Water, water everywhere (3)

Browsing the internet, as one does, I came across a reference to a post by Oliver Heald and knowing that mentions of Heald are few and far between, decided to investigate further. Folowing two earlier posts on the subject of water, it seemed obligatory to follow with a third.

Reporting on a conference arranged by Water Resources South East (WRSE), the purpose of which was to give a briefing on their work towards water resource planning, Heald mentions that WRSE are a group of the six south-eastern water companies plus DEFRA, the Environment Agency and Ofwat, set up in 1996 which jointly look ways of planning for future water demands in the South East whilst ensuring that environmental and consumer concerns are properly taken into consideration too.

Nothing wrong with that I hear you say, but one has to ask to whose agenda are they working, because reading Heald’s article one is led to believe that this “water planning” is a local initiative under national guidance. Were this so, then it does not appear to have been progressing very smoothly – as reported by Richard North, EUReferendum, here, here, here and here.

All policy has a source and in the case of water the European Union has competence, but then again one has to ask who or what is driving European Union policy? And so we end back with our old friends the United Nations. We have UN Water which we are informed is not an organization or an agency but is the United Nations coordination mechanism for all water-related issues and that UN-Water activities and programmes are therefore implemented by its members. Just one week ago the United Nations launched the International Year of Water Cooperation, Neither let us forget the United Nations Environment Programme nor should we forget Agenda 21.

I suppose WRSE are to be complimented on their attempts to provide us with sufficient, clean water – especially as the process seems to involve dealing with so many “foreign bodies”.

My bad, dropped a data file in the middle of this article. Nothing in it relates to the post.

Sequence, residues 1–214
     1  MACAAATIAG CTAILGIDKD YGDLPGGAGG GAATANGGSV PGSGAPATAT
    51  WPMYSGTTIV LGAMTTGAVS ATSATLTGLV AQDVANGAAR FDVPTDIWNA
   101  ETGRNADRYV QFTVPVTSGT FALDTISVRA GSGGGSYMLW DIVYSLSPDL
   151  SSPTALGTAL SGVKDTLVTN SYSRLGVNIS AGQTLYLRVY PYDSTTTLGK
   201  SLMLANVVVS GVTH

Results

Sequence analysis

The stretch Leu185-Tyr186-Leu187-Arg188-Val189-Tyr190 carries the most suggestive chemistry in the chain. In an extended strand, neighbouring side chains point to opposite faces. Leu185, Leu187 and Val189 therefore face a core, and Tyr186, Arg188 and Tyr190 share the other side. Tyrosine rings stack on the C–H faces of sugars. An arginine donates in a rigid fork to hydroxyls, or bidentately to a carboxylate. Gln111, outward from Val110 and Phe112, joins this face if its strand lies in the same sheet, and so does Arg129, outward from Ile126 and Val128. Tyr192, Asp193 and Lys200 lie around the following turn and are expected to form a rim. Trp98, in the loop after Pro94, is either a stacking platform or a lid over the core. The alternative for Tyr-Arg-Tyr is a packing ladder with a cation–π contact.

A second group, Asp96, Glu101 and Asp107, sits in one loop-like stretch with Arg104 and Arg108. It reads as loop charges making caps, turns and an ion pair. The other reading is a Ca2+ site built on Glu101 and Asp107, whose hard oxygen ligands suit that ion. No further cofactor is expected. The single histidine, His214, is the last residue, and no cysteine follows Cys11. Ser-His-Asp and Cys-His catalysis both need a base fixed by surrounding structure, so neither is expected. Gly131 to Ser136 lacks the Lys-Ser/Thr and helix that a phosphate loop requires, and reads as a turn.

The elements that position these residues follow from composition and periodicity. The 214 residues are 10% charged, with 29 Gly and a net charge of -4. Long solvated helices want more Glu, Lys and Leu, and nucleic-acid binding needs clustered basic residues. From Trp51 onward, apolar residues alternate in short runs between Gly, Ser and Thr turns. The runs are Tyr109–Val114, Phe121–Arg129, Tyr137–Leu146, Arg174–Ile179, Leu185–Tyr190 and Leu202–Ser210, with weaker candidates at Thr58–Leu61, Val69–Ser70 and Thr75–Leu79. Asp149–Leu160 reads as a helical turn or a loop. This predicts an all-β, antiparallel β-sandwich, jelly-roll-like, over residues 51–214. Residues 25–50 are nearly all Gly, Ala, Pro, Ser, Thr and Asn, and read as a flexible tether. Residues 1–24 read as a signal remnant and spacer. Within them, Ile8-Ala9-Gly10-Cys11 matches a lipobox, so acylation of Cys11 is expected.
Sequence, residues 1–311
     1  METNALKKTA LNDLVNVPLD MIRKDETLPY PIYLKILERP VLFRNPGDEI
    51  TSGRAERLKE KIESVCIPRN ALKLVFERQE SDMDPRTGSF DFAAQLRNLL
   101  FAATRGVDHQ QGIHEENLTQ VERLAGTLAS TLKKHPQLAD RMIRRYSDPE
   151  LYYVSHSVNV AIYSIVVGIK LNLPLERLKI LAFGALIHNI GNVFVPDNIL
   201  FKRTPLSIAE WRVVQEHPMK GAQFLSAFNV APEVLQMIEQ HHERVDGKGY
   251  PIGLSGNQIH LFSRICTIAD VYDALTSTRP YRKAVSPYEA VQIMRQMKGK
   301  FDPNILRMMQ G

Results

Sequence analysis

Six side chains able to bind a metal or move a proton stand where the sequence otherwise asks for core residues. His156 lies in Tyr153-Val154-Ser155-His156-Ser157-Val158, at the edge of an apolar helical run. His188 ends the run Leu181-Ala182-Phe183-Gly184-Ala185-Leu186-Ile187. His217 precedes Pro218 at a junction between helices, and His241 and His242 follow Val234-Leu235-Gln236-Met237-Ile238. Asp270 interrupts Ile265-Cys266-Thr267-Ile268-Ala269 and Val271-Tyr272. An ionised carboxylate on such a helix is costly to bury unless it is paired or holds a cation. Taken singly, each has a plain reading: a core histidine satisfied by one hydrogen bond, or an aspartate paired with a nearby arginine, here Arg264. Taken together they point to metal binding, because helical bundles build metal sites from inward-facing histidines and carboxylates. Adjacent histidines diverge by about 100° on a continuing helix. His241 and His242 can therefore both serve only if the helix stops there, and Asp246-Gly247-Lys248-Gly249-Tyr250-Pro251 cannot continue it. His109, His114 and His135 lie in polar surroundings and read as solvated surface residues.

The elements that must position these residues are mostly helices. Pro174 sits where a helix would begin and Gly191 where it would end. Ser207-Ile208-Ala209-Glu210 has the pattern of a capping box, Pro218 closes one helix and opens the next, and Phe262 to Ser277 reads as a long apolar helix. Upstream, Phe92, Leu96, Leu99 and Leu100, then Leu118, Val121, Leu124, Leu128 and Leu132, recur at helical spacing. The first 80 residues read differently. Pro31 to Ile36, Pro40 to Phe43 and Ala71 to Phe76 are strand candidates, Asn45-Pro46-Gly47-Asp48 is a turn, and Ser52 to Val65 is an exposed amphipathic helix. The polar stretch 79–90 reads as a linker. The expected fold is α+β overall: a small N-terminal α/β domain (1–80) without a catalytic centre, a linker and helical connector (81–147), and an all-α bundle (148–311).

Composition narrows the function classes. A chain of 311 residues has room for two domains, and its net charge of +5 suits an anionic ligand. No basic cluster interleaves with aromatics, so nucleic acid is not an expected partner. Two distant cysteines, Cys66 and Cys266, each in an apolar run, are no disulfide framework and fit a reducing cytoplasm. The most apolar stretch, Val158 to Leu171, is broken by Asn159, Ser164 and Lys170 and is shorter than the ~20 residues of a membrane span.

Just saying…………


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2 Responses

  1. john in cheshire says:

    So, is the upshot of this that water is going to be rationed? Despite us having a surfeit of the stuff both inland and offshore? As a thought, is it currently possible to withdraw from either or local authorities / utility suppliers such that they cannot demand money from a person; ie, can one make one’s own arrangements for water supply and wast disposal on one’s own land and avoid any costs to the usual suspects? I ask because the matter of self-sufficiency has been occupying my thoughts for some time, now.
    I am ponder on :
    Photovoltaic cells for some electricity generation (to export to the grid and get an income – higher than leaving savings in the bank)
    Ground source Heat Pumps – to generate either electricity or hot water (PV cells don’t provide sufficient heat for showering etc as far as I can see).
    Water collection from the roof etc and possible treatment if needed prior to ingestion
    Biodegradation of waste (faecal matter etc) in a domestic unit; eg Klargester; and discharge of treated water to a water course.
    Cart other material to the refuse disposal station
    It seems feasible and not as expensive as I had expected.

    As you say, David, just sayin’…

  2. A K Haart says:

    Water and water pollution issues are areas where subsidiarity ought to apply, especially to an island. The only non-UK impacts for water issues are discharges to the sea.

    Yet the EU Water Framework Directive includes a whole raft of regulations covering such obviously local issues as river basin management.

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